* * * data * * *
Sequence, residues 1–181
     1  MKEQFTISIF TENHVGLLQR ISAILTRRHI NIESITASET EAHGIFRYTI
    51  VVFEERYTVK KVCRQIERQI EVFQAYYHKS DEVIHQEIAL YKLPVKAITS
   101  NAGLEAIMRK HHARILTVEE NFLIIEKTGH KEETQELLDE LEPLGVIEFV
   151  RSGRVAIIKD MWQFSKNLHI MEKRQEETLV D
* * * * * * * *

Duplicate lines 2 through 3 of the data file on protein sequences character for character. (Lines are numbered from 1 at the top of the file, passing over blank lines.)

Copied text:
     1  MKEQFTISIF TENHVGLLQR ISAILTRRHI NIESITASET EAHGIFRYTI
    51  VVFEERYTVK KVCRQIERQI EVFQAYYHKS DEVIHQEIAL YKLPVKAITS